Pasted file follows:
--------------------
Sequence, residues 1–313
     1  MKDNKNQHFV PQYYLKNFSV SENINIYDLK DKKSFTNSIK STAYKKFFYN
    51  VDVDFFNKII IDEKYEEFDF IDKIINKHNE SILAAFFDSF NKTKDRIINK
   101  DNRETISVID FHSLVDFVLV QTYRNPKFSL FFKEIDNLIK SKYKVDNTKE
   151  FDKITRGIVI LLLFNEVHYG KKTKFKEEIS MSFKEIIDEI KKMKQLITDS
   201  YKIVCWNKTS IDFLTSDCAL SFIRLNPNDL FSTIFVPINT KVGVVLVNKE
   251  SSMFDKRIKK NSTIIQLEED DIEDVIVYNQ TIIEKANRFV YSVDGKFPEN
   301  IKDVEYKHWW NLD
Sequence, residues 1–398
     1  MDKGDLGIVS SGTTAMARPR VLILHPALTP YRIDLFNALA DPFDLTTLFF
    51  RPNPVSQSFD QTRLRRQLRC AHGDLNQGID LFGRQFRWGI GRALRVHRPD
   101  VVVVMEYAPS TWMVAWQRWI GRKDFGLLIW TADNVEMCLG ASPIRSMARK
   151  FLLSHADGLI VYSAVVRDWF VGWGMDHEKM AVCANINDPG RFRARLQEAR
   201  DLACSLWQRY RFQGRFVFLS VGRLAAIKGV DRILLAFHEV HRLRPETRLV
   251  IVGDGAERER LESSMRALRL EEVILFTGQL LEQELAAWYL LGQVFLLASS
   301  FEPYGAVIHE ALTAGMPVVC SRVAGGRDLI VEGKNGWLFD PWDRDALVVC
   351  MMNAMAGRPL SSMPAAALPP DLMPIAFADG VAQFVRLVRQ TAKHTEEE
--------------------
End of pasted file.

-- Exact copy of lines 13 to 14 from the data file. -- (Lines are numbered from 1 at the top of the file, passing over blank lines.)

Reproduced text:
   151  FLLSHADGLI VYSAVVRDWF VGWGMDHEKM AVCANINDPG RFRARLQEAR
   201  DLACSLWQRY RFQGRFVFLS VGRLAAIKGV DRILLAFHEV HRLRPETRLV